DENMARK – Meat processor, Danish Crown has adopted a responsible soy policy to ensure the company achieves sustainable soy sourcing by 2020.
Danish Crown says the policy also promotes sustainable development of soy production and participation in partnerships to develop alternative, locally produced feed sources that may reduce the need for soy.
These initiatives also allow Danish Crown to join the Danish Alliance for Responsible Soy, reports GlobalMeat.
“We must not only deal with the imprints we make directly, but also those we make indirectly, and there is soy an area where we have a responsibility as a company”, said Preben Sunke, COO of Danish Crown.
“Therefore, I am pleased that together with strong partners we can take responsibility for our production and become more sustainable.
“One is to look at our current situation with soybean imports and make it more sustainable, but if fodder production and consumption are to be sustainable in the future, then we need to do some things we cannot today.
“That is why we need to get involved in partnerships where it makes sense and look for alternatives that can make Danish pigs less dependent on soy imports,” added Sunke.
In addition to this latest commitment, the pork processor recently launched new branding with an increased focus on sustainability.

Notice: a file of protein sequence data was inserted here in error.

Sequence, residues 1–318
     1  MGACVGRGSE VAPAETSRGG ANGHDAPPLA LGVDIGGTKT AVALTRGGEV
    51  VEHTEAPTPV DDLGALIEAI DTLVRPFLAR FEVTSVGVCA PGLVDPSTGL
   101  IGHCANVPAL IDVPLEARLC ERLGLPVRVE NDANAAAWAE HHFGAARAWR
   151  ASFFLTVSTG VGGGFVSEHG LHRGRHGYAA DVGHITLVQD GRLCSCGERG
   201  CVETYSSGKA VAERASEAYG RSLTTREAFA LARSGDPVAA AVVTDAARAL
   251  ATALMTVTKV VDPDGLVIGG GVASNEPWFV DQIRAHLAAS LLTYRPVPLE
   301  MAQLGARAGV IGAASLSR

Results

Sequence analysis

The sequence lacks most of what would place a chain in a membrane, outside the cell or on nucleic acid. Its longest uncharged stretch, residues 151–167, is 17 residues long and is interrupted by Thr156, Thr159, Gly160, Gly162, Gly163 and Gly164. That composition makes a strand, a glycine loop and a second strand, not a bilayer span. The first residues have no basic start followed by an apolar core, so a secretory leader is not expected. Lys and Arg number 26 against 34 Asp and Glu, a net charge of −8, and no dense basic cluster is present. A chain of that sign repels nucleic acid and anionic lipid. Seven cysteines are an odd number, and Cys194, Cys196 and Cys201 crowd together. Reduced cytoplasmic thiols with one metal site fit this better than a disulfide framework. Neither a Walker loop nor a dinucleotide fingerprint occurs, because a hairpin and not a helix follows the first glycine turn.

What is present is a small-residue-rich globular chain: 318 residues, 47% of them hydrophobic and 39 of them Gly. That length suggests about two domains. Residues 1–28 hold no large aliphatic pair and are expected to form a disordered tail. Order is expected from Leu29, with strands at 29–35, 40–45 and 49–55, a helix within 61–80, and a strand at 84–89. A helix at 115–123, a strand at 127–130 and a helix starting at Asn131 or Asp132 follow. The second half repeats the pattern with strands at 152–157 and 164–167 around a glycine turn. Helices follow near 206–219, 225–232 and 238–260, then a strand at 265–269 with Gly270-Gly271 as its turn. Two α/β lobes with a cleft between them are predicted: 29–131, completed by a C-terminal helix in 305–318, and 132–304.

As part of its rebranding, the company has created a new logo and visual identity which was unveiled at its 75 sites and offices across 23 countries, along with the launch of its new brand web site that sets out the new direction.
Over the coming months, the new Danish Crown corporate brand will begin to appear on its products while the Tulip Food Company is to change its name to Danish Crown Foods.
In March this year, Danish Crown unveiled a goal to create a completely climate-neutral value chain by 2050 in a race to become the world’s leading producer of sustainable meat.
The company aims to reduce its emissions of greenhouse gases for each kilogramme of pork it produces from farm to fork by at least 50% by 2030 compared to 2005.
By the end of 2019, the company said 90% of the pigs supplied to its abattoirs will come from sustainability-certified farmers.